A MUM says she will keep fighting for a proper diagnosis of her daughter's behavioural problems, despite accusing NHS bosses of "brushing us aside".
Amanda Wilson says doctors repeatedly failed to spot that her daughter Grace (7) suffered from autism, telling her that she was imagining the youngster's problems.
Grace was finally diagnosed as autistic two years ago, but now Amanda, of Melciss Road, Wickersley, fears she suffers from another condition called Pathological Demand Avoidance Syndrome (PDAS).
Diagnosis of the condition, which is an extension of autism, would require a procedure costing £3,500 at a specialist centre in Nottingham.
Amanda says the diagnosis would more help for Grace but she says doctors have so far failed to recognise that she has the condition.
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“I have had to fight all her life to get her diagnosed and I’m not giving up now,” she said.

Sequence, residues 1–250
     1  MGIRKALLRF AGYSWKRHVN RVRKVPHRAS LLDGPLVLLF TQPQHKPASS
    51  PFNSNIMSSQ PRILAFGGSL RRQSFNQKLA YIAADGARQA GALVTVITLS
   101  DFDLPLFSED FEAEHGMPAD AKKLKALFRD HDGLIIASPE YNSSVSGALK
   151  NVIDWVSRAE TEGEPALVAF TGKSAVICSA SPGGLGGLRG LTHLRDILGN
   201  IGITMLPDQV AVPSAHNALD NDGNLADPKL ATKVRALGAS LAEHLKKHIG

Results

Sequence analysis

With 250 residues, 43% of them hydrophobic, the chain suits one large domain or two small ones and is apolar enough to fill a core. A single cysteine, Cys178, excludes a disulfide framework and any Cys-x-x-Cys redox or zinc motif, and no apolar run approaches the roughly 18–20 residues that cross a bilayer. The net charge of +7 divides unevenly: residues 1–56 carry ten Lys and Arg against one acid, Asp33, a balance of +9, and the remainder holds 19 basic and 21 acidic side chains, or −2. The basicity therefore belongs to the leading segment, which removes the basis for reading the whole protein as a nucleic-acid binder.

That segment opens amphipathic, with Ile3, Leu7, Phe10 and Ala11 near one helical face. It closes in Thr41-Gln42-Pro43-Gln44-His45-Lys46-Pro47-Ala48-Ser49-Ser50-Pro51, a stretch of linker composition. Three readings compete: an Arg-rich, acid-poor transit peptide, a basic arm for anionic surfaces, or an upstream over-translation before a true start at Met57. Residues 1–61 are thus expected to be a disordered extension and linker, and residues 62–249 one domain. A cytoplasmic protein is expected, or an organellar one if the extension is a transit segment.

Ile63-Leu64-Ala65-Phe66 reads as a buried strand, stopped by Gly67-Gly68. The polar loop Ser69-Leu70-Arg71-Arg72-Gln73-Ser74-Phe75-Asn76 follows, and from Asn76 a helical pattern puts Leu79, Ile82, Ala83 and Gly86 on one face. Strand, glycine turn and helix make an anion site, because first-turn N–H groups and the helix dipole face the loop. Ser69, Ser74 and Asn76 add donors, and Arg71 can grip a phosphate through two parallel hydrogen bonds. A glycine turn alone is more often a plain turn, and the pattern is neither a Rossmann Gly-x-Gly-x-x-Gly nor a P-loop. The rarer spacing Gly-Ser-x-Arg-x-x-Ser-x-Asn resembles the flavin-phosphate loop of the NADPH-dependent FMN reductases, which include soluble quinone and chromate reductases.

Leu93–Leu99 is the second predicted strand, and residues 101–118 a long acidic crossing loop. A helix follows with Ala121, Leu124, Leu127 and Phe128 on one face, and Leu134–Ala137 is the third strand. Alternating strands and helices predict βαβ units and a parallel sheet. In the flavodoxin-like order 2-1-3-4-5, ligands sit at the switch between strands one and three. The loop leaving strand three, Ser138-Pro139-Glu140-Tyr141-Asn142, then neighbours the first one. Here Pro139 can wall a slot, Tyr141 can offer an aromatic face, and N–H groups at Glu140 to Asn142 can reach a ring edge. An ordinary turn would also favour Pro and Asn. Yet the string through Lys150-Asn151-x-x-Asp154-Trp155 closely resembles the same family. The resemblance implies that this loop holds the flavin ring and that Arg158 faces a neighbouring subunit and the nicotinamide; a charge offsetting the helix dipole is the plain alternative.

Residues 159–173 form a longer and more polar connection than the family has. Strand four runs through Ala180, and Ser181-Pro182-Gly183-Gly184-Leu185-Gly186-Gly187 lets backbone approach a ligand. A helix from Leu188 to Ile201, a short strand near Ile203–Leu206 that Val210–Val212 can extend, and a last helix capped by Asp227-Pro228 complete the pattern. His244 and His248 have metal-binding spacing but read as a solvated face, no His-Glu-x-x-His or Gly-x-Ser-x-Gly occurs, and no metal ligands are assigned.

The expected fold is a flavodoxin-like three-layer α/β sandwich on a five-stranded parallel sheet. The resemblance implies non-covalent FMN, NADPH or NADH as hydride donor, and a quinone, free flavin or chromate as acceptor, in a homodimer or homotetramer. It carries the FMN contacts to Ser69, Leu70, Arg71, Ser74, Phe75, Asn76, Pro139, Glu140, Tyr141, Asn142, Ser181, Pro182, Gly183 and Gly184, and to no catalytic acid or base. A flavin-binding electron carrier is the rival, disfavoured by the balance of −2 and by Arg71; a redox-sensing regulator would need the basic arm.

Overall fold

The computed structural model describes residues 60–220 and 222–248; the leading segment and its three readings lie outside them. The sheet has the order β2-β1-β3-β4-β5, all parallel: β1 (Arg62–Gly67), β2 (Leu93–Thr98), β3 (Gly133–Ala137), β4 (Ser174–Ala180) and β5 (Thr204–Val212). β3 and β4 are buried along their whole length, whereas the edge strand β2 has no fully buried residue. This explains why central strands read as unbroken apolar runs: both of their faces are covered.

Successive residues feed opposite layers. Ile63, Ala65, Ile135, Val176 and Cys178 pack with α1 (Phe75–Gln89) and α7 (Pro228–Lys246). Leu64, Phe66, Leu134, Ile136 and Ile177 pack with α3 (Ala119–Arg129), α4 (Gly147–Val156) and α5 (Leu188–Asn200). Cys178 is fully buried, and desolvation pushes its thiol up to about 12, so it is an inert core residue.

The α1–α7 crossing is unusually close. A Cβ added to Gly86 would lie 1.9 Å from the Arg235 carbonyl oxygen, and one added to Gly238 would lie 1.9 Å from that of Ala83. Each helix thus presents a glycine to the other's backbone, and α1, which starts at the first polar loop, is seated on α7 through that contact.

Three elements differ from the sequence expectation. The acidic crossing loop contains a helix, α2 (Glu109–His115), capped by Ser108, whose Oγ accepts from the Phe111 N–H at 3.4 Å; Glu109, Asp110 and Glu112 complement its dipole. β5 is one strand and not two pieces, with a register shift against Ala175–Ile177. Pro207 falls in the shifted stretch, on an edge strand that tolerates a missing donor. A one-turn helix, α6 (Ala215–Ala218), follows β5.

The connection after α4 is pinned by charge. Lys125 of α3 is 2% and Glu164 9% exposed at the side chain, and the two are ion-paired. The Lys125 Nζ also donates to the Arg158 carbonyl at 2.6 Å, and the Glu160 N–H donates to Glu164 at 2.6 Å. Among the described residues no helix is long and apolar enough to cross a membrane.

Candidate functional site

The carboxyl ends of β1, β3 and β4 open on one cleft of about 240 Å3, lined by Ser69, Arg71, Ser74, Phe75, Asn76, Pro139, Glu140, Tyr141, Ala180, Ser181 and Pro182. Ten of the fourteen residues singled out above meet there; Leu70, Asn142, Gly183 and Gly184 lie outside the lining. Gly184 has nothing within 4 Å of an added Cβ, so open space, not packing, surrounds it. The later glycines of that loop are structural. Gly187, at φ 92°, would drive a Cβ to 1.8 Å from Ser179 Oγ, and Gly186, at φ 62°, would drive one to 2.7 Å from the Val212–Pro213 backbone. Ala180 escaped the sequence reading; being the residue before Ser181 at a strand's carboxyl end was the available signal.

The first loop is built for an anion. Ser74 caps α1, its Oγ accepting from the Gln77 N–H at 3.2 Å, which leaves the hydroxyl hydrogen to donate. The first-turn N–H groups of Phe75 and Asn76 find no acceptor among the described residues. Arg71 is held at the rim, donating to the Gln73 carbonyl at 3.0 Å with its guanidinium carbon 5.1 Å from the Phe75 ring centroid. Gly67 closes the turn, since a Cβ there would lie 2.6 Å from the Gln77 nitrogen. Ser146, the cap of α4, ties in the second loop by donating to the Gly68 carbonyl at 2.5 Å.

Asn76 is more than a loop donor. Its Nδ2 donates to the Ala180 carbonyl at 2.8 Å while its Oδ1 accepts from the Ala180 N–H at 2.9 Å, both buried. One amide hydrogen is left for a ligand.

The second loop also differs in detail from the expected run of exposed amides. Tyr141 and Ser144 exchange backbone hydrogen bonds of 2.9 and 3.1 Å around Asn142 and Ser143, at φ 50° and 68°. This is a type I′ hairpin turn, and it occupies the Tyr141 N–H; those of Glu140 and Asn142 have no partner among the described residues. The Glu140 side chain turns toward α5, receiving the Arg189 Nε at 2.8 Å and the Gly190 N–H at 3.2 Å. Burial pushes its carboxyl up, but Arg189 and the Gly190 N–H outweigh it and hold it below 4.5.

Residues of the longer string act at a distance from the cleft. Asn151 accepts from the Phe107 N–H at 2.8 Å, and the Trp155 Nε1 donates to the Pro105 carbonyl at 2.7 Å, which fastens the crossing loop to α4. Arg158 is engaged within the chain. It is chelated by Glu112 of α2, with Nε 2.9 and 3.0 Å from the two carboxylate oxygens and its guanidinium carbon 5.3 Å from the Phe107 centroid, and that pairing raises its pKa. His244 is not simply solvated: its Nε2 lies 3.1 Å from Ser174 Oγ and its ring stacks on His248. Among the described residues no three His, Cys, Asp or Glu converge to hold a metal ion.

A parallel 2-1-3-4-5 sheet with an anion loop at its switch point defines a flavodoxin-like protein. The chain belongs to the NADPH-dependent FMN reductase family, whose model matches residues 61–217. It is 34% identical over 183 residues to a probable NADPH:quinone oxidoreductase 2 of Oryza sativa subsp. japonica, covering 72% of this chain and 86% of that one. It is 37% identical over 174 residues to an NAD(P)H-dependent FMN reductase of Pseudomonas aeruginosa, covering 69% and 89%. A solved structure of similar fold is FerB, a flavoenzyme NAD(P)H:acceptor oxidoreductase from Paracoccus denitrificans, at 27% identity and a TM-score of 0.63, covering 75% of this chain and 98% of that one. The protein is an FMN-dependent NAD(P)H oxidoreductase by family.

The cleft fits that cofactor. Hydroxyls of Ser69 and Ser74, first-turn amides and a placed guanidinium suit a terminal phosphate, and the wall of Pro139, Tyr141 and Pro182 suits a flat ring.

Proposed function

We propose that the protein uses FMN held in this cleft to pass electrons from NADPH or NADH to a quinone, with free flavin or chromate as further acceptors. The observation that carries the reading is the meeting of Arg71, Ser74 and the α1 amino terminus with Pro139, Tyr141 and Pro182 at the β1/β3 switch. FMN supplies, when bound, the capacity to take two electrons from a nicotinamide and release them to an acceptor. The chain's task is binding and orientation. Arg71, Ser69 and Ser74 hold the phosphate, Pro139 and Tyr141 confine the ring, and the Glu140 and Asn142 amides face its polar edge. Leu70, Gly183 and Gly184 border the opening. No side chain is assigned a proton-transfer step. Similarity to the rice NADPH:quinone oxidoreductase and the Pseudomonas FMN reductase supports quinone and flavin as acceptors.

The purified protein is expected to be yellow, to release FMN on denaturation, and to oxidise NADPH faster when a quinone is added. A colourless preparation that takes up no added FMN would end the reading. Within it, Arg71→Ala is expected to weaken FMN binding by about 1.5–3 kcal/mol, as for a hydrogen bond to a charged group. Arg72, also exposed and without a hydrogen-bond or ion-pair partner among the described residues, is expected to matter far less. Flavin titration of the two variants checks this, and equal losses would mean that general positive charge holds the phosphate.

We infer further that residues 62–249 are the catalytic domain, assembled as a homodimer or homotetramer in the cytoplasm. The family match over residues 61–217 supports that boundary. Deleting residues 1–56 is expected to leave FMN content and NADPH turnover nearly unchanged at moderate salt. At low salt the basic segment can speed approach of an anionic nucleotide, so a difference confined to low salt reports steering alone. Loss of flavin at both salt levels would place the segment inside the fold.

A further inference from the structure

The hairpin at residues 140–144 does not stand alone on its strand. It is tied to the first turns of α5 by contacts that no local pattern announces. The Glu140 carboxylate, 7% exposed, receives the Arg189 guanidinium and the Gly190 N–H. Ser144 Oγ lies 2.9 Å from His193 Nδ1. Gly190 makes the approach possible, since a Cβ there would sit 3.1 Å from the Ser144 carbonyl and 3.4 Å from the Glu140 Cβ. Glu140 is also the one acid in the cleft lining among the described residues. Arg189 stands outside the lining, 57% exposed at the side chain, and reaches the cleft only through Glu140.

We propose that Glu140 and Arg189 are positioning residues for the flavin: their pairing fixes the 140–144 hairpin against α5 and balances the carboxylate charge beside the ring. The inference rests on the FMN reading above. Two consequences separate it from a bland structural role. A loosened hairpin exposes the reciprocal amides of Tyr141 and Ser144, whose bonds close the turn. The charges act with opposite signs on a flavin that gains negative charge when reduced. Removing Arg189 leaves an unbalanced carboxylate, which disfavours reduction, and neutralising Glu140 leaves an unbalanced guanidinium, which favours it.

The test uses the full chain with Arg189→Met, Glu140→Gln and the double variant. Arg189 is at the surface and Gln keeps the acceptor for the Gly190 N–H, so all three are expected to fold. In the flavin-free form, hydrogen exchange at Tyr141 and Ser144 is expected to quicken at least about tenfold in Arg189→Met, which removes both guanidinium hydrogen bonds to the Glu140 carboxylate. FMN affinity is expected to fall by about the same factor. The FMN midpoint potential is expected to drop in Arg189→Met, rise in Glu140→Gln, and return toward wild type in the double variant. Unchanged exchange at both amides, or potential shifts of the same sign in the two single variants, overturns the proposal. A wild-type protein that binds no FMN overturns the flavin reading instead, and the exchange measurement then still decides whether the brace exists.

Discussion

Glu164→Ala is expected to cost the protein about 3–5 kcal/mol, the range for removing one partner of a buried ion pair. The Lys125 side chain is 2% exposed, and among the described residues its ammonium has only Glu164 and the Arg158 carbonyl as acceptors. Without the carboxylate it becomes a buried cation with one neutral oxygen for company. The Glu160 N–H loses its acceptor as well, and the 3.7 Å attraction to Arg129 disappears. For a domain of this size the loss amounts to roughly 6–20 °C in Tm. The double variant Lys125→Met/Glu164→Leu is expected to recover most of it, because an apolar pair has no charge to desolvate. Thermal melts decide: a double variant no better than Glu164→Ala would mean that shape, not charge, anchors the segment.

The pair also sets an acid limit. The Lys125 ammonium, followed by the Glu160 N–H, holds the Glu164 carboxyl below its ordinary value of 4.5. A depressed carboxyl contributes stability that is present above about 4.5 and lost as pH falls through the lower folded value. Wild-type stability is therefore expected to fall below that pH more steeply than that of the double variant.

“She needs more help than she is getting, but it’s all about money. It’s as if they see Grace’s name on a letter and they turn away.
“I want them to put my mind to rest, because at the moment they are brushing us aside.”
A spokesman for the Rotherham, Doncaster and South Humber Mental Health NHS Foundation Trust, which provides support for Grace paid for by NHS Rotherham said: “Grace was assessed by the Child and Adolescent Mental Health Service in January and has been referred for a psychiatric assessment, which will determine if she needs to be referred for a Pathological Demand Avoidance Syndrome assessment.
“If this is the recommendation of the specialist psychiatrist, a judgment as to the funding of the assessment will need to be made by NHS Rotherham."
Led down for three years . . . Amanda's long battle for help. See this week's Advertiser.
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